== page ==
Bonds of global community pass the COVID test

International students excited to return to Lancaster

Seunga Park, a Lancaster Mennonite School student from South Korea, took classes on Zoom in 2020. — Lancaster Mennonite School Seunga Park, a Lancaster Mennonite School student from South Korea, took classes on Zoom in 2020. — Lancaster Mennonite School

Lancaster Mennonite School has long been a global community, with a 60-year tradition of drawing international students. Over the past five years, LM has had as many as 150 international students, or 20% of the student body.

In the late winter of 2020, the bonds of this global community were tested as never before.

When COVID-19 hit, LM had to shut down the Millstream Residence Hall, where many of the international students lived, and move to remote instruction.

Of the 28 international students, half returned to their home countries. The others chose to stay in the U.S. with family or host families. Students who went home returned to China, Ethiopia, South Korea and Vietnam and took classes remotely.

During three pandemic-altered semesters, the LM community discovered ways to connect virtually — in chapel, grandparents day and reunions, and as teachers worked creatively to keep students engaged.
While it was difficult, everyone learned it is possible to maintain a strong community across great distances.

Seunga Park, a student from South Korea, remained in Pennsylvania with a host family but missed her classmates, teachers and school activities.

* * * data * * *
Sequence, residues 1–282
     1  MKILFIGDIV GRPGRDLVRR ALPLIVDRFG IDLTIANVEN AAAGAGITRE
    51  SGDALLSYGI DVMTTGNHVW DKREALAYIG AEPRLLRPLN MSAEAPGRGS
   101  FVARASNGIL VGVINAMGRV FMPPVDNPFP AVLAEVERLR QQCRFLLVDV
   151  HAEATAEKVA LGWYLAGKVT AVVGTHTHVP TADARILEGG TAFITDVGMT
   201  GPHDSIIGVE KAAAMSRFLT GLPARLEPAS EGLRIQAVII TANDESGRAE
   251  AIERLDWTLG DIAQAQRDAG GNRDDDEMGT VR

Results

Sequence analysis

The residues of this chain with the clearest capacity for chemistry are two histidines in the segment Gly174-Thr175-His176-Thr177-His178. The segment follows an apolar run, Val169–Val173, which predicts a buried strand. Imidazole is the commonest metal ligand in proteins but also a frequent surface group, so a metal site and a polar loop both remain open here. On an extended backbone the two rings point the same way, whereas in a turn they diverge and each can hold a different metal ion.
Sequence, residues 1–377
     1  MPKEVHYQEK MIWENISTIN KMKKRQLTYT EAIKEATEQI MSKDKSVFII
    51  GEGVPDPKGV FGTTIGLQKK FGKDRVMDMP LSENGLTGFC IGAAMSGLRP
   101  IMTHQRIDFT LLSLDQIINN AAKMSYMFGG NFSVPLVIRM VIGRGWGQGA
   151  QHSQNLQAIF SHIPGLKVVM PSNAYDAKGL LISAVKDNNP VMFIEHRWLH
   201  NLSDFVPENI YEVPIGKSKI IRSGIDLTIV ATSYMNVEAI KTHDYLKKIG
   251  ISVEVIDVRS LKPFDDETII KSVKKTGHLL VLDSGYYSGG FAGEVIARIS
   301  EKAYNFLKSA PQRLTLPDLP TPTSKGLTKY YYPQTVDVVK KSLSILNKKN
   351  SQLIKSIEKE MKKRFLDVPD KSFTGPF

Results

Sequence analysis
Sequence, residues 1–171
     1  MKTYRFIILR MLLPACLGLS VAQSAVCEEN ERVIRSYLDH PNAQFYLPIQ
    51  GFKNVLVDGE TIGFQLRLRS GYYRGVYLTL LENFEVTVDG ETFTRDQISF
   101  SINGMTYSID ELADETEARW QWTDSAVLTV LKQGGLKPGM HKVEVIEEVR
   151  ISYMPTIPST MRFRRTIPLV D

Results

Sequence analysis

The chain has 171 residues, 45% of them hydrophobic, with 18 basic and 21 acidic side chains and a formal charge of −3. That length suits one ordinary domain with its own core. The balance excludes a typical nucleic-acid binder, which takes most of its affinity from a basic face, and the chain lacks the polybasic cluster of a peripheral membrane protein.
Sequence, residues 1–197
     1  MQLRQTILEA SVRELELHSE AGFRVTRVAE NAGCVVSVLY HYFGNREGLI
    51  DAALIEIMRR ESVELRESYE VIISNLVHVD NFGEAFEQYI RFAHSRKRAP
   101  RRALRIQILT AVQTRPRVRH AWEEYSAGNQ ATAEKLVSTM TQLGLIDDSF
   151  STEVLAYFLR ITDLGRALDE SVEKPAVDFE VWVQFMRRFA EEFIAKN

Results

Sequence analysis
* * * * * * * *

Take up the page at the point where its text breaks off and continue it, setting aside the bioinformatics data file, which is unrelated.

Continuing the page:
“It was difficult to do school without face-to-face communication, but thankfully all of my teachers actively responded to my questions and were willing to help,” she said. “I was able to learn a lot and felt connected in class.”

During the 2020-21 school year, Park continued to stay with a host family and returned to school in person. (High school students had the option to go in person, hybrid or remote.) International students who had returned home were unable to go back to the U.S. due to travel restrictions. A number of them attended remotely from their home countries.

Christy horst, director of enrollment, and Kirk Benner, director of counseling and assistant principal, helped LM connect with international students no matter where they were.

“When we all went remote for instruction, Christy and I met via Zoom with all of the international students every two weeks as a group to touch base and see if they had any questions or issues,” Benner said.

Horst said: “Teachers did a wonderful job continuing to try to help students who were in different time zones or had language barriers. Guidance counselors were looped in if more support was needed. That personal touch really made the difference.”

Students from China used Zoom to join Alice Lauver’s classes in English as a second language.

“Some of my students really struggled, especially with the different time zones between China and the U.S.,” Lauver said. “I developed the practice of taking a few minutes to start each class to connect personally with students — to talk about their lives, the weather and create a safe place to express concerns and ask questions. We have so many amazing teachers who went above and beyond to connect with students studying remotely.”

Jinge Ma, a student from China who is boarding at the Millstream Residence Hall, said: “During the pandemic I went home to China and worked online for my classes. I want to go back to school and see people face-to-face. I miss classrooms, friends and teachers.”

This fall, LM staff are excited that the residence hall is reopening and grateful for an increase in international and domestic students. There are 21 boarding students, from China, Ethiopia, Vietnam and South Korea, and domestic students from across the U.S., including Oregon, Colorado and Maryland. There are 23 total international students; those staying with family or in local homestays come from Argentina, Bahrain, Colombia and Kenya.

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